Partial separation of active compounds in A. melleus crude extract by TLC resulted in five major bands. Four of them were visualized at long UV wavelength at 366 nm and one was seen under short UV wavelength at 254 nm. A band colored florescent blue at a Rf1 value of 0.97, florescent green band at Rf2 value of 0.72, yellow band at Rf3 value 0.55, blue band at Rf5 of 0.1, and brown band at Rf4 0.43. Each of the five bands was eluted by methanol and subjected to toxicity bioassay against females of T. urticae. The mortality rates are as shown in Fig. 2. The Rf3 band exhibited the highest mortality percent of 57.05%, followed by Rf1 (28.52%), Rf2 (10.07%), Rf5 (11.74%), and Rf4 (8.39%). Therefore, it was selected for further purification and identification by LC-MS/MS.

Fig. 2
figure 2

Lethal activity of TLC fractions of ethyl acetate extract of A. melleus on T. urticae. Error bars are corresponding to standard error. Different letters (superscript a and b) indicate a significant difference according to Duncan’s multiple range test

Liquid chromatography/mass spectrometry

The metabolites in the active fraction separated by TLC, which had Rf3 of 0.55, were analyzed by LC-MS/MS and identified by comparing to the same authentic compounds. From LC/MS data, 13 compounds were detected (Fig. 3). Only five compounds were identified, while the others are needed further studies for identification.

Fig. 3
figure 3

Chromatogram shows the peaks separated by LC from the band (Rf3)

The first identified one appeared on liquid chromatography profile at a retention time (Rt) of 4.854 min had a molecular mass of 306 resulting from ESI-MS m/z = 306 [M+]; it might be 7-oxocurvularin (Fig. 4) and it had the molecular formula C16H18O6. The second identified compound appeared at Rt 10.399 min and a molecular mass of 679 deduced from m/z of 679 [M+] might be a nodulisporic acid with fragment ion at m/z = 702 [M + Na] deduced from m/z 701 [M − 1] (Fig. 5). The molecular formula of the nodulisporic acid is C43H53NO6. The third peak detected at Rt 15.298 min and a molecular weight of 381 deduced from m/z 382 [M + 1] might be mellamide (Fig. 6) which had the molecular formula of C23H31N3O2. The fourth identified peak, Rt (18.025 min) with molecular weight of 431, resulted from m/z = 431 and fragment ion of m/z = 358 (Fig. 7). This peak might be ochratoxin C with a molecular formula of C22H22NO6Cl. The last identified one appeared at Rt 21.243 min with a molecular mass of 301 deduced from m/z = 300 [M − 1] and fragment ion at m/z = 258 [M + 2], 149 [M − 1], and 121[M − 3] (Fig. 8). This peak might be 6-(4′-hydroxy-2′-methyl phenoxy)-(−)-(3R)-mellein (C19H24O3). Further investigations are required to characterize the other eight compounds. It was reported that A. melleus produces a wide range of polyketides (Garson et al. 1984) and naphthoquinone pigments such as xanthomegnin, viomellein, and viopurpurin (Durley et al. 1975). Similarly, Ondeyka et al. (2003) reported an insecticidal activity of mellamide, xanthomegnin, viomellein, and ochratoxin A isolated from A. melleus against Aedes aegypti. Also, A. melleus produces aspyrone that exhibited nematicidal activity against Pratylenchus penetrans by 80% at a concentration of 300 mg/l (Kimura et al. 1996).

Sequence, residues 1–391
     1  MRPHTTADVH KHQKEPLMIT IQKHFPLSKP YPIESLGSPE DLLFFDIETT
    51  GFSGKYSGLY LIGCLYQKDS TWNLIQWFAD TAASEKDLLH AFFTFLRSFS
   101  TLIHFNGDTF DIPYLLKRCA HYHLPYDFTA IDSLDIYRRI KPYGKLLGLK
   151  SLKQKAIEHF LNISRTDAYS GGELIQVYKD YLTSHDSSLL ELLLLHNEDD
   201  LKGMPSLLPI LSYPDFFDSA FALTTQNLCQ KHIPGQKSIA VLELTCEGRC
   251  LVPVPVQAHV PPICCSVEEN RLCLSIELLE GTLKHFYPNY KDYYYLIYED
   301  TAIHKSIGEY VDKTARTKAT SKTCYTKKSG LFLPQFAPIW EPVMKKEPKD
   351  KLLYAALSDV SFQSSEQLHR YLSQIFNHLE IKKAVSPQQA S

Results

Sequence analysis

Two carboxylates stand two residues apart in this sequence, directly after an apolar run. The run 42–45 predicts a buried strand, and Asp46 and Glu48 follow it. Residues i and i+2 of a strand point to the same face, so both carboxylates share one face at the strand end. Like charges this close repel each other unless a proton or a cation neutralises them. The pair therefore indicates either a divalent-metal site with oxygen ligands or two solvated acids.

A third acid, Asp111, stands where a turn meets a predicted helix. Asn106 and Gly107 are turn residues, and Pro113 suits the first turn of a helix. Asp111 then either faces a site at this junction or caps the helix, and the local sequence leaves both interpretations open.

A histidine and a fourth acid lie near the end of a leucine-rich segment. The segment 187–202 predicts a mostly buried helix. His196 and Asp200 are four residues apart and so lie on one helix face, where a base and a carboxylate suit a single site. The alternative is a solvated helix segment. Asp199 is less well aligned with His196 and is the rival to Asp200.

Fig. 4
figure 4

Mass chart shows the fragment ions of 7-oxocurvularin

Fig. 5
figure 5

Mass chart shows the fragment ions of nodulisporic acid

Fig. 6
figure 6

Mass chart shows the fragment ions of mellamide

Fig. 7
figure 7

Mass chart shows the fragment ions of ochratoxin C

Fig. 8
figure 8

Mass chart shows the fragment ions of 6-(4′-hydroxy-2′-methyl phenoxy)-(−)- (3R)-mellein


A. melleus, E. nidulans, C. globosum, and A. terreus showed promising acaricidal activities against the two-spotted spider mite, T. urticae, females and eggs. Further investigations are still needed to identify their bioactive secondary metabolites and to evaluate their efficacy under greenhouse and field trials.

Availability of data and materials

The data and material of this manuscript are available on reasonable request.



Analysis of variance


Deoxyribonucleic acid


Electrospray ionization


Internal transcribed spacer

LC50 :

The median lethal concentration


Liquid chromatography–mass spectrometry


National Center for Biotechnology Information


Polymerase chain reaction


Potato dextrose agar


Retention factor


Revolutions per minute


Retention time


Thin layer chromatography




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Thanks are due to Prof. Mohamed Abdelaziz Balah, Plant Protection Department, Desert Research Center, for the interpretation of LC-MS/MS data and identification of the separated compounds.


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The conception and design of the study were done by all authors; the last author (GAH) performed the experimental part under the supervision of MEO, AAAE, and MAN. The analysis and interpretation of the data were done by the first author (MEO) and AAAE. Both MAN and GAH prepared the manuscript draft; then the manuscript was revised for important intellectual content by MEO and AAAE. All authors read and approved the final manuscript.

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Correspondence to Gohyza A. Hefnawy.

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Osman, M.E., Abo Elnasr, A.A., Nawar, M.A. et al. Myco-metabolites as biological control agents against the two-spotted spider mite, Tetranychus urticae Koch (Acari: Tetranychidae). Egypt J Biol Pest Control 29, 64 (2019).